Most “letters” in the ancient world were very brief and factual. You could give a servant or messenger a letter that said (after greetings), “Here are the three donkeys I promised to send to you,” with little chance of being misunderstood. The “letters” in the New Testament are really not much like letters at all. They are generally sermons or treatises sometimes inserted inside the structure of a formal letter. (Not all the “letters” have any of that structure. 1 John, for example, is simply a sermon.) As a result, the written text alone would never have been trusted or even correctly understood by its recipients as a mere text. Rather, the text would have been entrusted to a messenger, someone those receiving the text would either know or know about, and would trust that the person came from the one said to have sent the text. That person would then deliver the text verbally in the stead of the one who sent it. It was the person carrying the message who was trusted first, not the message itself. And it was that person who knew how to accurately read the text and who could hand over the correct reading (or tradition it) to those receiving it. Once you recognize that fact, you realize how important those delivering any text like those in our New Testament canon actually were and you realize that a text had no independent authority. Paul does us the favor of identifying many of those who carried the sermons he could not deliver in person to various places. And it is therefore much more significant than many modern people seem to realize that the sermon/treatise to the Roman Church by Paul was given to Deacon Phoebe to deliver.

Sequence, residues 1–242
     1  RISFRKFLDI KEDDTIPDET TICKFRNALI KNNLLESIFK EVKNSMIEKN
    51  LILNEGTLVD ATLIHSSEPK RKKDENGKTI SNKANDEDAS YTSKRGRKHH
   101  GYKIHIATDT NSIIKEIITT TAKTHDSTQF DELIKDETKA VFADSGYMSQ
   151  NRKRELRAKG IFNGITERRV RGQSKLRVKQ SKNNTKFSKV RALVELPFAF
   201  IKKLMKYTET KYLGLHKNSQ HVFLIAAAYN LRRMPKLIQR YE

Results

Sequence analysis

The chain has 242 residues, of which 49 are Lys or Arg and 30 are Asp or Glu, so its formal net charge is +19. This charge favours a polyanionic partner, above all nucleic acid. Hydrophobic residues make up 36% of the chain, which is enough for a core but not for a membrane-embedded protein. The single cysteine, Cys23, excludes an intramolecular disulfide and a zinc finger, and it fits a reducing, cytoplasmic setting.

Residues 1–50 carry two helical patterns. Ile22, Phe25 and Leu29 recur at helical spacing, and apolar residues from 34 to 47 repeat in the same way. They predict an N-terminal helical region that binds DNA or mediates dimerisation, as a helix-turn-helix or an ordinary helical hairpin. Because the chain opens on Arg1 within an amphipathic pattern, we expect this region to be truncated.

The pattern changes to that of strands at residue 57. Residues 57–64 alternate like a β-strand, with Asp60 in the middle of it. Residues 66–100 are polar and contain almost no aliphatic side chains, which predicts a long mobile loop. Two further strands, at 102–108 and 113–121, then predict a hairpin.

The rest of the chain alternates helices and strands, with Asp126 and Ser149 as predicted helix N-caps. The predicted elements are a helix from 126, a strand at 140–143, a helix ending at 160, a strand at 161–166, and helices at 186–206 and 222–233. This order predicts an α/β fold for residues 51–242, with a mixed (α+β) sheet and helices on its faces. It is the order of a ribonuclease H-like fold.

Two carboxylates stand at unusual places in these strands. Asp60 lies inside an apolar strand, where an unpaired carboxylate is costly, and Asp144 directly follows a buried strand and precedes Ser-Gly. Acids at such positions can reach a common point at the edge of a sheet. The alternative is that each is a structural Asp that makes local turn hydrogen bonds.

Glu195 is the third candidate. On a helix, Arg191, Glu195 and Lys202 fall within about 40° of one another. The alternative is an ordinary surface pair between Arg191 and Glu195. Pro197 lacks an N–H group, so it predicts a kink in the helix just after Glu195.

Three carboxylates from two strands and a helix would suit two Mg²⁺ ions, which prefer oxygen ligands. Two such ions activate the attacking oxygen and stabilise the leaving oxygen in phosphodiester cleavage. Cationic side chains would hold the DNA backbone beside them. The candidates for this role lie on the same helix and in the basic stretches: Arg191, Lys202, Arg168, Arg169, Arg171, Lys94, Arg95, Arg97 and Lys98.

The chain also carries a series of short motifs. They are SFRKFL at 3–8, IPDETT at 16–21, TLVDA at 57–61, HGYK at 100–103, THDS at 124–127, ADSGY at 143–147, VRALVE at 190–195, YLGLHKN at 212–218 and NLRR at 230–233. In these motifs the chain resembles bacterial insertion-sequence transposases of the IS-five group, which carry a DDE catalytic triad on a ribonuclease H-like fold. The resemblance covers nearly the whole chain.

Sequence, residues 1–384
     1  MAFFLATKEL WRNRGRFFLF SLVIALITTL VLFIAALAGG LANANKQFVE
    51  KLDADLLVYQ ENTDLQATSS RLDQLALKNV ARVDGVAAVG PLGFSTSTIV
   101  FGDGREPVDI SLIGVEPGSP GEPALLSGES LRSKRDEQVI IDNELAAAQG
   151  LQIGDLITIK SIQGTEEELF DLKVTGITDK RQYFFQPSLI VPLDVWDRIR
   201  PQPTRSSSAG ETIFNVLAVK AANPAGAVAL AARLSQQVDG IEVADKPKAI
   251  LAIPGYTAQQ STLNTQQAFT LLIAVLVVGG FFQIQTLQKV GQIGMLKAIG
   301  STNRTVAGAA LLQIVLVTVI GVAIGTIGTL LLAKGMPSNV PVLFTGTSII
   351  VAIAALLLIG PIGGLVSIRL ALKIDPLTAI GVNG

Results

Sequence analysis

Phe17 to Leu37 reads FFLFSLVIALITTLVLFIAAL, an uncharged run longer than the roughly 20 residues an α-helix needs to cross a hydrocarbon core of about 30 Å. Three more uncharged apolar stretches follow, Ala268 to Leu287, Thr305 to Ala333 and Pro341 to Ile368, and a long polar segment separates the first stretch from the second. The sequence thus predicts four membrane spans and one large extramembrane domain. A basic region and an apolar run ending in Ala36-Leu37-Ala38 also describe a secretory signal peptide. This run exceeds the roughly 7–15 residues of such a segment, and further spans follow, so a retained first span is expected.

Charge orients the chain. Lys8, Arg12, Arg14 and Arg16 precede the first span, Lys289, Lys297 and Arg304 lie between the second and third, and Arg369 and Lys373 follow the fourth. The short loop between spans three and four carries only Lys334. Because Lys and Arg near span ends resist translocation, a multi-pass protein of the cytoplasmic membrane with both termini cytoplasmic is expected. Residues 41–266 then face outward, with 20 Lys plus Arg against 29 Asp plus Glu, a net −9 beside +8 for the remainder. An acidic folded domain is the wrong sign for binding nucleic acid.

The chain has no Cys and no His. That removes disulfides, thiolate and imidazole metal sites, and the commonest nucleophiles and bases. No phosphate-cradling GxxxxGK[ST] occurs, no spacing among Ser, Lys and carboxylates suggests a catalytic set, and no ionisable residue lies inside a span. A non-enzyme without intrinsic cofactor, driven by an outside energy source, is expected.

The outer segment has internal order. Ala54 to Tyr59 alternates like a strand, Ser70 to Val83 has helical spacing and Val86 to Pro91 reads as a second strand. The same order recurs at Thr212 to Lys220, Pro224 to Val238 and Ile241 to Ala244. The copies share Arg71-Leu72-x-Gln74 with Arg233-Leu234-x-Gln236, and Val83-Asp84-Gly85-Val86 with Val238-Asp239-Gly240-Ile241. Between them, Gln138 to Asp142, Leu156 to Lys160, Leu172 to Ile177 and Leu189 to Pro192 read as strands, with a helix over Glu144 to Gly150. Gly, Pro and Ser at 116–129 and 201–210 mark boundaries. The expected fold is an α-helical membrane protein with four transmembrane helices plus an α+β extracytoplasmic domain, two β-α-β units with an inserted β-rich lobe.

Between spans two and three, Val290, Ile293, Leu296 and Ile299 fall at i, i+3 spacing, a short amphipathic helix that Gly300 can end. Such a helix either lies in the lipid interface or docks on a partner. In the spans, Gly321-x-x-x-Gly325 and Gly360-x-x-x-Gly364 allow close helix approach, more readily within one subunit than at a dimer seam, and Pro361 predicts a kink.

And that brings us to the way knowledge is held and transmitted in oral cultures. We use the written word as our repository of knowledge and our means of transmitting that knowledge to others. That is not essentially true in an oral culture. People instead commit the important things to memory. I’ve noticed that a lot of modern people are amazed at that or think it’s impossible. But it’s really not. We have trained our minds to work within the context of a literate culture so we use our memories differently than those in an oral culture do. But in an oral culture, people routinely commit segments of their tradition to memory essentially word for word. That is the process of “traditioning” knowledge in an oral culture.